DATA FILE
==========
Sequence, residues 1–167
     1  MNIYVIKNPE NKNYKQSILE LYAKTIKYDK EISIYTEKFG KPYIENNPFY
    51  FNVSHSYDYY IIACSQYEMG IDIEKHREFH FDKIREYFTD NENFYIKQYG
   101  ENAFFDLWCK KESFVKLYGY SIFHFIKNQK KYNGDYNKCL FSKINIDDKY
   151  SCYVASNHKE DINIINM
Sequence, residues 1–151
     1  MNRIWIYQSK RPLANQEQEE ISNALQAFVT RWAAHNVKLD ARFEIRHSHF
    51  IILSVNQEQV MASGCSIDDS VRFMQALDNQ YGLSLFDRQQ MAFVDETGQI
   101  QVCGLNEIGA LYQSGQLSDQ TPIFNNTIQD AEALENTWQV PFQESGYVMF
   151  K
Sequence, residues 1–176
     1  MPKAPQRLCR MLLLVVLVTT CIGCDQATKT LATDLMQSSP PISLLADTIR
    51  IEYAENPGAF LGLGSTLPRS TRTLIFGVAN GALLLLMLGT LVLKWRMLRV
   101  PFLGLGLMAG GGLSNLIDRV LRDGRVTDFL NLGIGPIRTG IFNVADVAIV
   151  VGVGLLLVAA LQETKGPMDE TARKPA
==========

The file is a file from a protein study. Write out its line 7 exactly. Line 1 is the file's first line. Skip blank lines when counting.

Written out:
     1  MNRIWIYQSK RPLANQEQEE ISNALQAFVT RWAAHNVKLD ARFEIRHSHF